Between 2012 and 2014, I conducted research on breast cancer-related surgery, with a focus on reconstructive surgery. I compared oncological surgery with cosmetic surgery of the breast in France and Italy, and conducted 119 interviews with patients and medical professionals, participated in meetings between patients and medical professionals, and followed the activities of patients’ associations, especially in France.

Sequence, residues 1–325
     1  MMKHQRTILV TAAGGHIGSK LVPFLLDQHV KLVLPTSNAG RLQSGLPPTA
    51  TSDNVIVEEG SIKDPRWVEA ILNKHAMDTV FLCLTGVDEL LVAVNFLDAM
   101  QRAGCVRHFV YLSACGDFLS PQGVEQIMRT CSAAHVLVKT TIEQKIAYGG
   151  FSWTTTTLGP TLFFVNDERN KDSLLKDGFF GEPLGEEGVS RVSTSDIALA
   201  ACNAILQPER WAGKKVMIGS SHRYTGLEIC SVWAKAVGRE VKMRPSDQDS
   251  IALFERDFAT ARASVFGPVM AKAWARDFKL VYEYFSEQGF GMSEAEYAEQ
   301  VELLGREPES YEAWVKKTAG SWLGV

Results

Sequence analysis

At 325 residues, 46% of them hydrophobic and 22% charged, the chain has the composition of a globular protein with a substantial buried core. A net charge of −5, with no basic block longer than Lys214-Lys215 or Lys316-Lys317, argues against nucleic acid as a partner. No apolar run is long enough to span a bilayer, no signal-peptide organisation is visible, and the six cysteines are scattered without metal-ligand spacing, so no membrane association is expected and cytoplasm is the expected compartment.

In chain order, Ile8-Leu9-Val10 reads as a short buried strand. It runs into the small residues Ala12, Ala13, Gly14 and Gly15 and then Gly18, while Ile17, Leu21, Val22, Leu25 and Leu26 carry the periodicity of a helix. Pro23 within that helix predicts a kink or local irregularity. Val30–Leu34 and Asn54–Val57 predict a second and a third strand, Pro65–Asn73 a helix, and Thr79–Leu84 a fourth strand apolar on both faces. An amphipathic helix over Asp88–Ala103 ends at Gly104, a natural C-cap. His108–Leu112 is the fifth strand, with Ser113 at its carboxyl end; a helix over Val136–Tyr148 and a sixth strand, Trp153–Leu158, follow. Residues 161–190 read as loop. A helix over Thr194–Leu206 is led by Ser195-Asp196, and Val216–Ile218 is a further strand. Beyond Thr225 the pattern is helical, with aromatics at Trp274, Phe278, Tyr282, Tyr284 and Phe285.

I followed the activities of ‘technique-centered’ associations, which promoted specific breast reconstruction techniques, and associations that encouraged the acceptance of postmastectomy female bodies that did not undergo surgical reconstruction. These two kinds of associations differed especially in their relation to the medical system. Technique-centered associations were often characterized by a strategic alliance between doctors and patients in making a technique known and widespread. In particular, the associations offered information to patients and in some cases aimed to facilitate the bureaucratic process through which a technique can be fully recognized and refunded through the French health care system. Acceptance-centered associations aimed to challenge the taboo that characterizes one-breasted or breastless female bodies. Some used artistic means of action, such as readings, photographic exhibitions, and videos, focusing on the variety of experiences and embodiments of the mastectomized body, which were presented to the general public, rather than only to breast cancer patients and their relatives. Other associations collaborated with medical personnel to develop information strategies for women undergoing a mastectomy. Such strategies included the option of a non-surgical reconstruction and the acceptance of one’s asymmetric body (see Greco 2016).